This book is the first I have read by Jane Green and it was an easy to read, fun book. Based around two main characters Vicky and Amber. Vicky is a single, high flying journalist of Poise magazine in London and all she wants is a family and house in the country. Amber lives in Highfield, Conneticut with her husband and two children but she is fed up of keeping up with the fashion conscious mothers and feels she needs to find herself again away from home. Therefore, the two women take up the challenge of swapping lives for a month, but they soon learn that what the wanted after all was not what the first thought. Admittedly reading this book you fully expect Vicky to fall into bed with Amber's husband and admit their undying love for each other but this book insted highlights how powerful love in a marriage is and that men can be faithful(kind of). You will love the representation of London life and of life in the USA. The children in this book are delightful but oh so very realistic. This book would be perfect for the beach, my only warning is that the ending is a bit of a let down....Life Swap 2 maybe?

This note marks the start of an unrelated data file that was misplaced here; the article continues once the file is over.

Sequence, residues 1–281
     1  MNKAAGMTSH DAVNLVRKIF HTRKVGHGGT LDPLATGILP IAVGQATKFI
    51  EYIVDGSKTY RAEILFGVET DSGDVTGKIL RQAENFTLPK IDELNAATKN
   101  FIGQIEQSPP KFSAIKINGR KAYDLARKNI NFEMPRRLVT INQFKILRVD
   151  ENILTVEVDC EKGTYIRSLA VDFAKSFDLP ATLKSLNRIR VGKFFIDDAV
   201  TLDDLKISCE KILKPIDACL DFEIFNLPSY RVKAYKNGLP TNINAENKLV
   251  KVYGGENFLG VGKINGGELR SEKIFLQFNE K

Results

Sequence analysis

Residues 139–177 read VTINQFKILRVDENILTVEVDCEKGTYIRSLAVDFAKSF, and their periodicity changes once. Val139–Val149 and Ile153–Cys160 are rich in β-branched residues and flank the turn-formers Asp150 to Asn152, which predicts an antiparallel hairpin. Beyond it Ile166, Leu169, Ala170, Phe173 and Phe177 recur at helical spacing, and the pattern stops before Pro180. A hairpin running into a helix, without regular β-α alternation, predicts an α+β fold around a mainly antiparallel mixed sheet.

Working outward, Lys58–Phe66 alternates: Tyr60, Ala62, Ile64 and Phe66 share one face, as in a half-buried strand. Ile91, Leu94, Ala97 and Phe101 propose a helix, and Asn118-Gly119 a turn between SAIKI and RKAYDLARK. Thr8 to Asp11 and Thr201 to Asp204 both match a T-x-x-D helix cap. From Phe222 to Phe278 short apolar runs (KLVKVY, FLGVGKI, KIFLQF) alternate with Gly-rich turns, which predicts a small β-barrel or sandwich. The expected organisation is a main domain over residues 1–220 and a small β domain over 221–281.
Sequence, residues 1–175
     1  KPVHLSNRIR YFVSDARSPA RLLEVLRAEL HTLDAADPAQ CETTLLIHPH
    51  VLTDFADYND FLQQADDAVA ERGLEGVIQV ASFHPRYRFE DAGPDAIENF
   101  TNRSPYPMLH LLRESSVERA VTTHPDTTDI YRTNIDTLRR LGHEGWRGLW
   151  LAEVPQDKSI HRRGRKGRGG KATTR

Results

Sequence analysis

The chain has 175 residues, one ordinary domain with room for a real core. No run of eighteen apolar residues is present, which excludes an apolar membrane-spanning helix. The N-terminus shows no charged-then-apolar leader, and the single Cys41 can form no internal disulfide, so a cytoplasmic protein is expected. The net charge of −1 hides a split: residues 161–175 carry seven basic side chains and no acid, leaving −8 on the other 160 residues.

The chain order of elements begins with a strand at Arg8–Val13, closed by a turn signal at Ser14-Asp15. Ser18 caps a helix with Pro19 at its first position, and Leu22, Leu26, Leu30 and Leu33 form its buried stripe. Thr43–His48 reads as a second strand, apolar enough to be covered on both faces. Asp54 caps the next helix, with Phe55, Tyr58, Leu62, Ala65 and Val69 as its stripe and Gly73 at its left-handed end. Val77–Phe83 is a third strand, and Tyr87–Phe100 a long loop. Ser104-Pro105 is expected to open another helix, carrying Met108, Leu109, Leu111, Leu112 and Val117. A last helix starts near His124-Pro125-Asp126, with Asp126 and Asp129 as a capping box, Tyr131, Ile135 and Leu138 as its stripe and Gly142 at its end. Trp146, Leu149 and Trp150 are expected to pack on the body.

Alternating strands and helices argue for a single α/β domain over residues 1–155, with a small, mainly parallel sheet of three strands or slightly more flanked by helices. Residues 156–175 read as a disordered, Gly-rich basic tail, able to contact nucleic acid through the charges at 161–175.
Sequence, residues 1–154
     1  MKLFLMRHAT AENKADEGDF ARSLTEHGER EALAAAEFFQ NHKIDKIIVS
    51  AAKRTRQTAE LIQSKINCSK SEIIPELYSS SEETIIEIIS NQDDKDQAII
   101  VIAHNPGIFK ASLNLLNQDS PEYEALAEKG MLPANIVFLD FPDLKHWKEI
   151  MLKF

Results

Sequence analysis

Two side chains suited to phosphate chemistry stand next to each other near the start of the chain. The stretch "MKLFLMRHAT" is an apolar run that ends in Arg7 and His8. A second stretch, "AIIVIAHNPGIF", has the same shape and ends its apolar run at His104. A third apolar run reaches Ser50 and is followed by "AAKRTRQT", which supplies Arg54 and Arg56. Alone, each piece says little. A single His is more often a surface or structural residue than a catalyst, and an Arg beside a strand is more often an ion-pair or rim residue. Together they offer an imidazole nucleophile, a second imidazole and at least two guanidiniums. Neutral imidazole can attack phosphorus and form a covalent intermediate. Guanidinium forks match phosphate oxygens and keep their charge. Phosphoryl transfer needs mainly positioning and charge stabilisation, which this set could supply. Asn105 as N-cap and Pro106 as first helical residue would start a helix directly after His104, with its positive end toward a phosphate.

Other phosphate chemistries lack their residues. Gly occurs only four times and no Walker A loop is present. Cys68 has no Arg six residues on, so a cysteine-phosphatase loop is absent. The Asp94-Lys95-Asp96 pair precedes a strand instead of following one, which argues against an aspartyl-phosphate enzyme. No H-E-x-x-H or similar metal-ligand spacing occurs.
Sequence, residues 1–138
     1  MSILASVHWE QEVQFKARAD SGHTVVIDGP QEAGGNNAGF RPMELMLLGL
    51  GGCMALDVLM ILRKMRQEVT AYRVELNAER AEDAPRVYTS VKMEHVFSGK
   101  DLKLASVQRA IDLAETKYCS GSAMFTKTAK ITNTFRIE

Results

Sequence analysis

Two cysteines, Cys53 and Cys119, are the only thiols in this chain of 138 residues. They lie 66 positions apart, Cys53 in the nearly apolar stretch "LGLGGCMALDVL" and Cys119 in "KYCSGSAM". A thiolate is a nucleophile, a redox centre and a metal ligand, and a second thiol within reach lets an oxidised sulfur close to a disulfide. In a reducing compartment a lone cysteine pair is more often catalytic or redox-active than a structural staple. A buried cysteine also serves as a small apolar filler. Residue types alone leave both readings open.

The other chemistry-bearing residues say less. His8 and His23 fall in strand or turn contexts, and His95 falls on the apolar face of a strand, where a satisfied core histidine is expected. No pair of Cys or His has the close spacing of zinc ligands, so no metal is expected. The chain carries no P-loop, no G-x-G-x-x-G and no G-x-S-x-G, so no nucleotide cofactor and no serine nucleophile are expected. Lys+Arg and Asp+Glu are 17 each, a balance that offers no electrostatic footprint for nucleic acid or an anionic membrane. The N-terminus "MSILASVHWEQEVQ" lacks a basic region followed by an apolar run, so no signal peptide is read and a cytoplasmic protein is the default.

Length of book: 464 pages
What would you do if you were given the chance to swap your life with someone else? Maybe you are single and enjoy a great job, friends and an impressive social life but part of you wonders what its like to be married, have a wonderful husband, some beautiful children and live in big house with a couple of dogs. Or maybe you're married and have forgotten what its like to be young, free and single. What if someone offered you a swap, a life swap for a month, to find out if the grass is really greener on the other side, would you take it?
Well this is the story of two women who did just that. Vicky Townsley is the Features Director of the women's magazine Poise!, she is young, free and single although has a male friend she can call on when required. She enjoys her social life in London but she longs for a husband, children and a big house in the country with an Aga and some dogs. So when the idea comes up to do a magazine article on life swap Vicky jumps at the chance to try married life without the commitment.